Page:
April 20, 2024

The city is projecting a downtrend in its Covid-19 cases in the coming days.

Mayor Benjamin Magalong said this can be gleaned from the results of the aggressive community testing and the latest epidemic risk level of the city, which was at moderate risk as of April 19.

The recent risk-based testing program conducted produced an unexpectedly low positivity rate where a total of 3,140 individuals in the high-risk sectors were tested and only 167 tested positive for a 5.3 percent positivity rate.

He said this was way below the city’s projection of a 10 to 12 percent positivity rate.

The moderate risk classification of the city was based on the two indicators: the average daily attack rate (ADAR) or the proportion of population that contracts the disease in a specified time, and the two-week growth rate (TWGR), which captures how quickly the number of cases is changing every two weeks.

In her weekly report to the management committee meeting, City Health Officer Rowena Galpo said while the city’s ADAR was high at 16 percent, its TWGR decreased by 29 percent and thus was on the low classification.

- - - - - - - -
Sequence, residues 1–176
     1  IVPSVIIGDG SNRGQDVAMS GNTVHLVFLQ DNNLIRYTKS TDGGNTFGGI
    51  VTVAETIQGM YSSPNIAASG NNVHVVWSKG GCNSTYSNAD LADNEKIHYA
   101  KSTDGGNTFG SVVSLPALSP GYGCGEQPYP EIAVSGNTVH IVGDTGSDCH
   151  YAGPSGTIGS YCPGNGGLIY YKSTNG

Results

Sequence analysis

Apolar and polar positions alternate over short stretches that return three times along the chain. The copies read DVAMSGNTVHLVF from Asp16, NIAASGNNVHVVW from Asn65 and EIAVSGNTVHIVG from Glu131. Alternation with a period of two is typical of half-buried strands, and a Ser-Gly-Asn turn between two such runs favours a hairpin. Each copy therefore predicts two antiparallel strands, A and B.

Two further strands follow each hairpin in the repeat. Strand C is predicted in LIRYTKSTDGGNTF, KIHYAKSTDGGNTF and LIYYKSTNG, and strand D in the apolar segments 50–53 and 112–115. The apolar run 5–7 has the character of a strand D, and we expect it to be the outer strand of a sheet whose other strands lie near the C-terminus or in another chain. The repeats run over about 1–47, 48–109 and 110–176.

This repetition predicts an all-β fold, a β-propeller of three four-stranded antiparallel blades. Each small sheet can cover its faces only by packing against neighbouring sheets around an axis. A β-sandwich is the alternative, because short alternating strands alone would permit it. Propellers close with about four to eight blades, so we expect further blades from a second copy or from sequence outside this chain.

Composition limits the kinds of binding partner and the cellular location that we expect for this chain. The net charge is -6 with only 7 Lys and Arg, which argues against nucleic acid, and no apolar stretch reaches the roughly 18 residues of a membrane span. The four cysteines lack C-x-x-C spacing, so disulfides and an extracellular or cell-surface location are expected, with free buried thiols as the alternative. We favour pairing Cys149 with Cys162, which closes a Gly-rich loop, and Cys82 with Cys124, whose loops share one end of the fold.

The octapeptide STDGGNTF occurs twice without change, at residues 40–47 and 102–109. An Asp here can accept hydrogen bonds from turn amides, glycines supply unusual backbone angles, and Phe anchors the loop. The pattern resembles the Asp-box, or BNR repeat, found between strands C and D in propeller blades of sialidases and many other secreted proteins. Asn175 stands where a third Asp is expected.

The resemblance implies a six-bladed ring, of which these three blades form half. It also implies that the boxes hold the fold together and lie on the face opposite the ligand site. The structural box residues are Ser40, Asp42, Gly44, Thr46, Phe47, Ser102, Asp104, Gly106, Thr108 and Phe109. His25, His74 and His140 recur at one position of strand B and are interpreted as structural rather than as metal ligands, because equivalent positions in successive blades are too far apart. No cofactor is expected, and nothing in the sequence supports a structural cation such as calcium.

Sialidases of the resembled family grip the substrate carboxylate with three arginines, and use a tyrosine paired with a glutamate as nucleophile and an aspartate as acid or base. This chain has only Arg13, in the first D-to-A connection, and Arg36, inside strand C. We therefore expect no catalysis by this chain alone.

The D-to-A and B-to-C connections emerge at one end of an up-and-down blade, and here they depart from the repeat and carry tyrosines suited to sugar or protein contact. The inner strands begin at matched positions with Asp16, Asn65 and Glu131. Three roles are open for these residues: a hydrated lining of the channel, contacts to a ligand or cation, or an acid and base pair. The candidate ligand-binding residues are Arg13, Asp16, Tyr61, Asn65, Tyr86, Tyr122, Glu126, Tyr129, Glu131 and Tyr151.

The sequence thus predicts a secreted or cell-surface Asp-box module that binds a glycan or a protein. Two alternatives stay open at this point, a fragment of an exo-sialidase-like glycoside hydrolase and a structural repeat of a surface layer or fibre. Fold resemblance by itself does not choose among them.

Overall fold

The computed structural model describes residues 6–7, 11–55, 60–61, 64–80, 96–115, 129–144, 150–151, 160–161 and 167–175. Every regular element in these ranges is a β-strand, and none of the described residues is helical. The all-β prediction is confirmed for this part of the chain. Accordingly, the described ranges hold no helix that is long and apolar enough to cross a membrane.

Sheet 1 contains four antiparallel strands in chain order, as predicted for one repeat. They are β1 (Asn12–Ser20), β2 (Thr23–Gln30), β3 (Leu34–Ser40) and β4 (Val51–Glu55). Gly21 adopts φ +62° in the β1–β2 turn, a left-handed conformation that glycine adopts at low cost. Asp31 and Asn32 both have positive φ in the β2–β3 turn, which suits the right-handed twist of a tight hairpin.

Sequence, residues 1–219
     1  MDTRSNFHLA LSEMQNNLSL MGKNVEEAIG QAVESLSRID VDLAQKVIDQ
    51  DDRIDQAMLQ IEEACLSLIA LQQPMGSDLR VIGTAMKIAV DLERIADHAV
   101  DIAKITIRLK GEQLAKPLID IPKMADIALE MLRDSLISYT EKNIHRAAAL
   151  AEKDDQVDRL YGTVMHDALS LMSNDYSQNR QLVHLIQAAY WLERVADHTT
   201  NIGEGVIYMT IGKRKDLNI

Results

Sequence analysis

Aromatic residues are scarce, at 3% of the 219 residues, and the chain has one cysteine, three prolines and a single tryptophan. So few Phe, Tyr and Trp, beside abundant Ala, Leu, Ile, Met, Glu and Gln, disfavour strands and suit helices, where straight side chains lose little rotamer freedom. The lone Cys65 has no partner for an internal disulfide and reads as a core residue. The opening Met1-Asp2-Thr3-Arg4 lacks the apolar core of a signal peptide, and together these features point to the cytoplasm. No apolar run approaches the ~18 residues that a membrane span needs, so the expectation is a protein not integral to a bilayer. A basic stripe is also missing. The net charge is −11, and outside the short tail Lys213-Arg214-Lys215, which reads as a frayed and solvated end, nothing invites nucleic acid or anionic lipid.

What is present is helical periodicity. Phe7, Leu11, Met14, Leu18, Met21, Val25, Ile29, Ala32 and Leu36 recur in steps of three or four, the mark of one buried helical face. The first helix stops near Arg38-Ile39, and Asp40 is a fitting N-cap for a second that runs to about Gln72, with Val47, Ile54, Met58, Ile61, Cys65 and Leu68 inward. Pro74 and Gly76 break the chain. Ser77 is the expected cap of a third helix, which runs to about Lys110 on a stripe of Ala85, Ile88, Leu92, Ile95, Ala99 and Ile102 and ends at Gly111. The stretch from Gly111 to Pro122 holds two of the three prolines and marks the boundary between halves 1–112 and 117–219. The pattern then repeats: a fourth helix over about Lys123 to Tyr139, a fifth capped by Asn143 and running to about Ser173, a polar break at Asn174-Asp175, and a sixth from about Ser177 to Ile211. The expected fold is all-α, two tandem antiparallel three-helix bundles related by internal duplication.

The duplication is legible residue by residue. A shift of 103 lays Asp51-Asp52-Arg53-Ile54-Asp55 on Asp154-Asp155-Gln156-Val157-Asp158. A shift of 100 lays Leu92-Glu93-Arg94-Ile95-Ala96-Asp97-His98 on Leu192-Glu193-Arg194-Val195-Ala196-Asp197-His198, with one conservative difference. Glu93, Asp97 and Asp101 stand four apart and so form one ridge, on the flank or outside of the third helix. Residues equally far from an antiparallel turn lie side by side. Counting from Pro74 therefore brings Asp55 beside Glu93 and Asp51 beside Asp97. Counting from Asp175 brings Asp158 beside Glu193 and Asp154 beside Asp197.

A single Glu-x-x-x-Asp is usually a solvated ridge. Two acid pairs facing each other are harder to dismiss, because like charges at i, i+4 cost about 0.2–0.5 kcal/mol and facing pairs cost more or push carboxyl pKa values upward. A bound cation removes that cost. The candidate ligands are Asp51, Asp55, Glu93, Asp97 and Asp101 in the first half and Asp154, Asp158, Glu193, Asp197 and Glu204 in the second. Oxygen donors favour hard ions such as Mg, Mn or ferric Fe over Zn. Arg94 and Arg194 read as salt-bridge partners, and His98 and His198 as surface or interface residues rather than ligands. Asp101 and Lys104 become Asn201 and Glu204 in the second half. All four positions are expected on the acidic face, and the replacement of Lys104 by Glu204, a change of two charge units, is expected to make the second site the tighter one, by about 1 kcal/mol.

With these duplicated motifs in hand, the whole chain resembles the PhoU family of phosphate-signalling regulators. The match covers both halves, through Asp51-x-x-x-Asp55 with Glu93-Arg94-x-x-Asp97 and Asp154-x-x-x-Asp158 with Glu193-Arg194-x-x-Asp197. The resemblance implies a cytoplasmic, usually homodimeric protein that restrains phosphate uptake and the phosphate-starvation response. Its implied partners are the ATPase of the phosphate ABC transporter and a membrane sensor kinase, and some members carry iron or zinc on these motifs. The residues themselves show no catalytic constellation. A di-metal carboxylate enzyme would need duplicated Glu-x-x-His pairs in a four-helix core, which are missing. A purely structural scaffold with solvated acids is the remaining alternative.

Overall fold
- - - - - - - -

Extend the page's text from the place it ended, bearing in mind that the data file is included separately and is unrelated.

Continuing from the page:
“In the last four weeks, we had an average of 98 cases a day and recently this went down to 60 a day,” Galpo said.

The city’s case recovery rate was at 84.31 percent but the fatality rate was 1.89 percent or an average of two to three deaths per day from April 13 to 19.

The mayor said the spike in the fatality rate was due to the fact that patients were often brought in for treatment too late and that there was really a shortage of medicines for severe patients. He said some of the fatalities were not originally from the city.

He said the city was able to get medicine donations last weekend but these were used up.  Procurement program is now being fast-tracked.

Hospital care utilization remained at a critical level but isolation facilities at Sto. Niño Hospital, Teachers’ Camp and Baguio Convention Center still have 451 available beds out of a total of 751.

Galpo said the minimum public health standards remain to be the best weapon against the virus and its variants. – Aileen P. Refuerzo